Eid Mubarak from Kuwait! The last month has seen many more firsts for us here in Kuwait as we have experienced our first Ramadan, Gergean and Eid. It has been quite the experience and we feel a sense of accomplishment to have made it through (I can’t imagine how good it feels for our Muslim friends who have been fasting throughout). Here are a few things that have been quite different this past month for us as we have lived in Kuwait during Ramadan.
No food or drink outdoors in day light hours – This is the LAW!
I have memories of Ramadan and Eid as a child, but it is honestly so different when you live in a Muslim country during this period. Ramadan is a sacred time for Muslims and definitely means so much more when not only are all your friends at school, neighbours and everyone around you are celebrating it, but also that it is written into law here that there is no eating or drinking between dawn and sunset (subject to fines and imprisonment if broken) even if you are not Muslim. What this means is that even though we haven’t been fasting with our brothers and sisters here, we have observed the law while out and about, and refrained from food and water/drinks whenever not in our apartment during the day. As the weather heats up, this at time has been hard, and also even deterred us from going out when we might usually have – I have such an increased respect for those fasting and going out and about to work etc.
The exceptions to this law is children who have not yet reached puberty, pregnant or breastfeeding women, women who are menstruating or still bleeding after pregnancy, mentally unwell people and also the elderly.
Ramadan here has meant limited working and school hours
Everyone in the country has reduced hours during Ramadan (to help them have less demands while fasting and also because the children are up very early to eat before dawn). What this has meant for us is that the kids have started school at 8.45am instead of 7.20am, and finished at 1pm instead of 2pm for the month. During school hours, the children who aren’t fasting have assigned classrooms to eat in, that have blacked out windows, so not to be seen by those who are fasting.
I think the kids will have a shock tomorrow when they return to normal hours!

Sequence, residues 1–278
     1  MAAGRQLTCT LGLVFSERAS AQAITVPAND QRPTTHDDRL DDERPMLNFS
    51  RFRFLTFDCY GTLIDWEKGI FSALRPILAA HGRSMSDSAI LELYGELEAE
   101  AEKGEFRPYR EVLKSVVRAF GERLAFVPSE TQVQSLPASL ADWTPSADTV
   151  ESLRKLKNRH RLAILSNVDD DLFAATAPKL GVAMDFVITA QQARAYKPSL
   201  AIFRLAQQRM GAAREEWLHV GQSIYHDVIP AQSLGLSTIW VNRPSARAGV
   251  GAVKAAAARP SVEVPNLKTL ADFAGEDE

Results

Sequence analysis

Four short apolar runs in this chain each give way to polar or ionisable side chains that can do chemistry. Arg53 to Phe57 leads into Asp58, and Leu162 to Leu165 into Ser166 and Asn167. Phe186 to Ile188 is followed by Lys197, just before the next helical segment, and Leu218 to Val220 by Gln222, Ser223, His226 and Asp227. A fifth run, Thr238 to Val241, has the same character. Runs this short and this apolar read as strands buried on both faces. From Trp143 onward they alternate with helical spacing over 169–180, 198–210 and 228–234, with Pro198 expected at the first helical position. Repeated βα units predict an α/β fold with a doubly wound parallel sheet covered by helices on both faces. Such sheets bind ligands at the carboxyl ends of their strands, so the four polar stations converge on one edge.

Iftar is the fast breaking meal for Muslims and out of respect, when out to eat at this time, we have waited for the prayer that marks this, before consuming any food. We were grateful to be invited for an Iftar picnic at Naif palace in Kuwait city with some Muslim friends. It was very special to see a canon let off to mark Iftar, followed by prayer. We also joined them in eating a date to “break the fast”. This was a special tradition we were thankful to be included in – the date not only prepares your body physically for food after fasting, but also follows tradition of the Prophet (PBUH) who broke his fast with dates. It was nice to see their traditions of going to Mosque and just being with their families at this special time.
Iftar meals are extremely popular here in Kuwait and most fast food restaurants have had Ramadan specials too on their menu. We have enjoyed bargain family meal deals as well as date night for an Iftar buffet at one of the finer hotels here – it was lush!
Gergean is a longstanding Kuwaiti cultural tradition that is celebrated on the 13th, 14th and 15th day of Ramadan (midway point), and it is to celebrate that children have been fasting for 2 weeks, and encourages them to keep going.
Their friends and teachers brought in goody bags with sweets and nuts in. And everyone brought bags of sweets to hand out. It is so much fun for the kids and reminded us of Halloween on steroids (only so much more wholesome of course).
The kids absolutely loved their first Gergean’ here in Kuwait and we couldn’t stop laughing at how much they brought home! They said everyone dressed up in Kuwaiti clothing, and the boys turned up their dishdashas to carry the treats in (they wear trousers under don’t worry). And that all the kids just race around the classrooms of primary and secondary collecting and handing out treats to each other! By far one of the best days ever!
People serving and doing nice things
Ramadan encourages people to serve and be kinder to their fellow man (and women obvs). And it was inspirational and lovely to witness strangers doing lovely things for those around them. We frequently saw people handing out meals at Iftar for others, and one evening on the way to the supermarket, we were on the receiving end of this generous act (we enjoyed chicken and rice with water, dates and oranges that evening). We also saw people feeding cats, and generally helping others more. It is a lovely thing to have around you.
We haven’t been as involved with Eid celebrations as I guess we would hope. We have seen that a lot of people travel for Eid and have family parties. Our kind friend came right before and did Henna for me and the girls, which we loved, and is something I remember from my childhood during Eid – so this was definitely something a little extraordinary this month. We also have enjoyed a week off school for the end of Ramadan and Eid!
This last month has been so different to how Ramadan in the UK would be (us being detached and carrying on as normal). It has been so great to be involved in it, and observe laws and customs, be a part of cultural tradition and of course, drink so much vimto (the Ramadan drink)! We have enjoyed Ramadan specials on food and family time, realised we like dates, learnt so much and loved supping “Ramadan juice” (which we still don’t know what that is – but it’s rather different and tasty).